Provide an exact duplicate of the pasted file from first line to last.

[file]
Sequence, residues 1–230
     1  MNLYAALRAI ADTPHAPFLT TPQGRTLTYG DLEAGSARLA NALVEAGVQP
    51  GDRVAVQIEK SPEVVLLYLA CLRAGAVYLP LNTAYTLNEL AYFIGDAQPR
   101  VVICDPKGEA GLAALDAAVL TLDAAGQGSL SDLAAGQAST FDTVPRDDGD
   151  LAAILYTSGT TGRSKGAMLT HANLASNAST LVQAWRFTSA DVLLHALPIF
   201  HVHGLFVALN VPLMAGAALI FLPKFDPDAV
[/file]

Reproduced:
Sequence, residues 1–230
     1  MNLYAALRAI ADTPHAPFLT TPQGRTLTYG DLEAGSARLA NALVEAGVQP
    51  GDRVAVQIEK SPEVVLLYLA CLRAGAVYLP LNTAYTLNEL AYFIGDAQPR
   101  VVICDPKGEA GLAALDAAVL TLDAAGQGSL SDLAAGQAST FDTVPRDDGD
   151  LAAILYTSGT TGRSKGAMLT HANLASNAST LVQAWRFTSA DVLLHALPIF
   201  HVHGLFVALN VPLMAGAALI FLPKFDPDAV